Write a Compliant Social Media Ad Copy

In my previous article Scaling Ads on Facebook, I uncovered the steps of boosting an ad campaign on FB from an operational point of view. However, it’s not a complete plan. One thing is missing: the content, specifically, the ad copy.

The copy has to be “scalable” too, which means the words in the campaign’s post do not offend the reader or violate any platform rules as it reaching out to the broader audience.

It seems easy, but full of traps. Numerous campaigns being turned off every day because of compliance issues. In this article, I will share some deadly mistakes that copywriters may not aware of when writing copy.

Make Reader Feel “Self-conscious”

As a platform, there’s one thing that more important than charging money from advertisers. That’s protecting user’s privacy.

Currently, laws like the General Data Protection Regulation(GDPR) and Information Privacy Law are enforced globally now. Any violation or data breach could result in billions of fine from FTC.

As an impact of these laws, on one hand, social media platforms must not provide any “Personal Identifiable Data” to marketers. On the other hand, platforms are constantly scrutinized for all running campaigns, ensure they do NOT make readers feel self-conscious.

So, what kind of sentences may arouse the reader’s “self-conscious”?

Here’s a checklist:

  1. Ask a direct question: “Do you want to _____?”
  2. Imply the reader has a problem: “Are you concerned about your _____?”
  3. Use the wordYOU”: “Finally, there’s a solution for you _____”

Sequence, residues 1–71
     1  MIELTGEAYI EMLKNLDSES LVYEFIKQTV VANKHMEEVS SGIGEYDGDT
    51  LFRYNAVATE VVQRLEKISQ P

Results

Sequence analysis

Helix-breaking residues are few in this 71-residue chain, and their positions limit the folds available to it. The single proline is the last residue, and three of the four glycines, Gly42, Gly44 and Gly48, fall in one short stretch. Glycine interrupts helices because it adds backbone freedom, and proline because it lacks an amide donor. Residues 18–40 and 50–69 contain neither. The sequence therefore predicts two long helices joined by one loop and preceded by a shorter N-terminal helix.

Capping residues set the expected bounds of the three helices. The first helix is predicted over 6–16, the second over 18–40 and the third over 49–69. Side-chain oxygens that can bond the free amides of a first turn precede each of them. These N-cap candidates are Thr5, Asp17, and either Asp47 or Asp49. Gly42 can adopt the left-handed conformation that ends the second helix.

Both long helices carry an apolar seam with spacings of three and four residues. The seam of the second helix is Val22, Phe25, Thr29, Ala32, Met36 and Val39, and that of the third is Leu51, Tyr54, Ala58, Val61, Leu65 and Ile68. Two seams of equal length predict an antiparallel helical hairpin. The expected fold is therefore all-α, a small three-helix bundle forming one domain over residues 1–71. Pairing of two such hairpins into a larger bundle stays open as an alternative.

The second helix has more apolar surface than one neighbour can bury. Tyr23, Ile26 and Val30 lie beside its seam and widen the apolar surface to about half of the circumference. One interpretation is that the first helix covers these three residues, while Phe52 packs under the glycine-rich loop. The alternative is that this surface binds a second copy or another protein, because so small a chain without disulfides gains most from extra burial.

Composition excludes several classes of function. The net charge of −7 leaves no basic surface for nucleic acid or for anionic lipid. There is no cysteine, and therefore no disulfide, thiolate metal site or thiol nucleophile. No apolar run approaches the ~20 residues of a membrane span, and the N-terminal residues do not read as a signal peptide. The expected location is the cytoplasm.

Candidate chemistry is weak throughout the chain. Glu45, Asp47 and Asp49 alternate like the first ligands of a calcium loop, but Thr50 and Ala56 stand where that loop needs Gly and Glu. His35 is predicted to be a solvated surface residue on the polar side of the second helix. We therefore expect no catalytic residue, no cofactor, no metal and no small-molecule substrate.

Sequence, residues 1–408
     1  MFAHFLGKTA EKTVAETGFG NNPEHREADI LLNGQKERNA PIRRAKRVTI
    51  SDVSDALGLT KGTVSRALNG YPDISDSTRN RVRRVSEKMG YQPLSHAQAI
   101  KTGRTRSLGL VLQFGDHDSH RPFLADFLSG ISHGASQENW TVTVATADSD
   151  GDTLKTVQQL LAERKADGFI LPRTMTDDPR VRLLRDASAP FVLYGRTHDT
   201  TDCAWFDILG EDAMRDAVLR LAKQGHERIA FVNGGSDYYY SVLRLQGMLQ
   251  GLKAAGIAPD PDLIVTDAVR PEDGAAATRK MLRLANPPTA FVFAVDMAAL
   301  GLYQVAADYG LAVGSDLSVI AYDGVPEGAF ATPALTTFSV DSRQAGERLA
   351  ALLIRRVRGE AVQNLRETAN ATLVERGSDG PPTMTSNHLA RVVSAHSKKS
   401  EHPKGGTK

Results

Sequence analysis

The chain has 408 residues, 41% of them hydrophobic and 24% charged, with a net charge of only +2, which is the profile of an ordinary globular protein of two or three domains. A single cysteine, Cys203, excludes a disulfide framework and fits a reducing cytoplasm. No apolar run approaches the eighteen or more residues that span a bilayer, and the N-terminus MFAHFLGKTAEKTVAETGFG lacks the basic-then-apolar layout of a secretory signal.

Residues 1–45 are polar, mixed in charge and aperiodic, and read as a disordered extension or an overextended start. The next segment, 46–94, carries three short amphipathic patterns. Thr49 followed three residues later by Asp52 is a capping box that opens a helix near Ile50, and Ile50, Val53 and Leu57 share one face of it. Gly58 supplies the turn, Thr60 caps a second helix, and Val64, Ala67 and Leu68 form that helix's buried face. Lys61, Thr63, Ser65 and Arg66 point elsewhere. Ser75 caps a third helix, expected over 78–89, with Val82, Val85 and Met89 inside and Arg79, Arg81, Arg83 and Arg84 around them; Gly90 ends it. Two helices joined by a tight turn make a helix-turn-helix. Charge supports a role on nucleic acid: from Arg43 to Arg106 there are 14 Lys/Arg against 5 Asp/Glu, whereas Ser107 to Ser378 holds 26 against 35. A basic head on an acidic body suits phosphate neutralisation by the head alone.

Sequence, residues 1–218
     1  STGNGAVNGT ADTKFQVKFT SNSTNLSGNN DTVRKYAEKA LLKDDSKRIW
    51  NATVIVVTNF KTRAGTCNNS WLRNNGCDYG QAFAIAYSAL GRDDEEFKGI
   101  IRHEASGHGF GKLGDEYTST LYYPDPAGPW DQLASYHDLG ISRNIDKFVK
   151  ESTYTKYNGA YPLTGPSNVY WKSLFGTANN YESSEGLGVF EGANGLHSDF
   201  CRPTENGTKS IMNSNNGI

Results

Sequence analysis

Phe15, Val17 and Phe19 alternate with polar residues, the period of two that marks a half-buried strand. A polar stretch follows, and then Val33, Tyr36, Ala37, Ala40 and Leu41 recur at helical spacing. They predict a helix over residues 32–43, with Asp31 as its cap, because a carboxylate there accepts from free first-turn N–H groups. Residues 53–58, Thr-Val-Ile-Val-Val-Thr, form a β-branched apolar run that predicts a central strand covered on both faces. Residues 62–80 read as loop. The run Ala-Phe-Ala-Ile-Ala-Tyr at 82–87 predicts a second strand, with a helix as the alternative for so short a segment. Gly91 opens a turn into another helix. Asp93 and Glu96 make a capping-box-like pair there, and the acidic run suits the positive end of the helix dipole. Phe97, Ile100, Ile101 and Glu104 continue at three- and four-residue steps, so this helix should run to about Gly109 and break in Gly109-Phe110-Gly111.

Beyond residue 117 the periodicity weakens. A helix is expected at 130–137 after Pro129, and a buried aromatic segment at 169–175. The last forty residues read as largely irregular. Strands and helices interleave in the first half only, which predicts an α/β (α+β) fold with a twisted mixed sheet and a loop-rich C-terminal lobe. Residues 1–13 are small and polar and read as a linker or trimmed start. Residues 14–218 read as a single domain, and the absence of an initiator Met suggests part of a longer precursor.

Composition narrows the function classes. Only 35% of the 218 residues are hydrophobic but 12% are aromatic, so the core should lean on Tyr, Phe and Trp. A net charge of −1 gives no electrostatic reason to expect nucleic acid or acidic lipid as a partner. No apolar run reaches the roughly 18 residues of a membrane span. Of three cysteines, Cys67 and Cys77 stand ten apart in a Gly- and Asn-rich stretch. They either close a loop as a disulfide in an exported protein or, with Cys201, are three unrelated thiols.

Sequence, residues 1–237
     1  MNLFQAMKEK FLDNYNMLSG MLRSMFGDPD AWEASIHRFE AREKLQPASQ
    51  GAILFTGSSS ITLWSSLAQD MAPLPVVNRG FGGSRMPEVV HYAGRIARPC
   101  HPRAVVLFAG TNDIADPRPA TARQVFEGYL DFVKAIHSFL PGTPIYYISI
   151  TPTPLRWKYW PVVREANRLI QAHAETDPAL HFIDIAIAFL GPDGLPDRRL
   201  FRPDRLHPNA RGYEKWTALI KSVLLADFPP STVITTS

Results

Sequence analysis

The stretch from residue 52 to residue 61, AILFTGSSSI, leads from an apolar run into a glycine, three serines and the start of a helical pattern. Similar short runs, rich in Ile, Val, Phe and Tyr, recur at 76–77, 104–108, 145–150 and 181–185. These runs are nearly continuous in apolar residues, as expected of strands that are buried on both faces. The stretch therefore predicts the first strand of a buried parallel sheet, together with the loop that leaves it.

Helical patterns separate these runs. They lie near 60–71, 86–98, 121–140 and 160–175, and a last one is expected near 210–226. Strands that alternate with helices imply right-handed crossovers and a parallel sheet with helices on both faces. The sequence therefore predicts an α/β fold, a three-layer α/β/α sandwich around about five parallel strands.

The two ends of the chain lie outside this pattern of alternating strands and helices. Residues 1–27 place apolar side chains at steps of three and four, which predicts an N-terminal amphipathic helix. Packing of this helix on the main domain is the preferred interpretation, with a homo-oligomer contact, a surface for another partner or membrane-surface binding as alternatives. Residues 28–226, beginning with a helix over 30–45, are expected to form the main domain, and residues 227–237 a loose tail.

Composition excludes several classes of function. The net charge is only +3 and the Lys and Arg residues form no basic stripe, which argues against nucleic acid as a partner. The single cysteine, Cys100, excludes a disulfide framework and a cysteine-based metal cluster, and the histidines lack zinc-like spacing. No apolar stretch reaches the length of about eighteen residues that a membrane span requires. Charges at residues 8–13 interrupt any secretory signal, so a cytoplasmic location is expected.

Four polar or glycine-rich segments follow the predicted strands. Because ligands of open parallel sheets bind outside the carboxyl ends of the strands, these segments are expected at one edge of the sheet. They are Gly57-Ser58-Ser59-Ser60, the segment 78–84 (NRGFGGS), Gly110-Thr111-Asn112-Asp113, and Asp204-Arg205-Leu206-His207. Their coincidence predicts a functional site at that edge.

These sentences will immediately trigger privacy concerns for readers: “How does this ad know?” For the platform, it’s a red flag. Once the user or auditor reported, the consequence is serious.

To fix it, copywriters need to avoid using “You”:

  1. Speak in 1st or 3rd person: “Many people relate with this _____”
  2. Focus on the “message”, not the reader’s problem: “This is for those that need help with _____”

Clickbait-y Content

To improve the Click-Through-Rate(CTR) of clicking “see more” or the action button, many ad posts intentionally use clickbait-y leading sentences, like:

  1. “Why ____ may be harmful to your health?”
  2. “Find out how I make $_____ online in _____ days”
  3. “The dark secrets of ____”

No, don’t do this.

These ads will be turned off because of intentional withholding information. All ad posts should close the information loop on “displayed content”, for example:

  1. “Researchers found _____ might be harmful to health”
  2. “I made $_____ online with _____”
  3. “The proved benefit of _____”

Assertive Statements and Sensational Words

Any assertive statements or sensational language should be avoided in ads copy, especially when describing the benefits of selling products.

Thing like following will be considered exaggerating or unable-to-confirm:

  1. “The best ____”
  2. “It will solve____”
  3. “It gets better in 3 days”

As you read, these “definitely” statements will mislead users, and grant with a promise may not be full-filled with its product/service. To prevent any legal accountability, all platforms are not allowing ads with these claims.

The fix is easy, just stick to the scientific facts, and focus on the process instead of result:

  1. “One of the best _____”
  2. “Research proved that it can help _____”
  3. “The symptom goes away sooner than Jason expected.”


A campaign being shut down could be disastrous for some business owners, especially the ones heavily leveraging the concept of “marketing funnel”. One paused non-compliant campaign may congest the whole revenue-generating machine. To avoid that, please always remind yourself to double-check the 3 traps mentioned above.

TechLead @FaceBook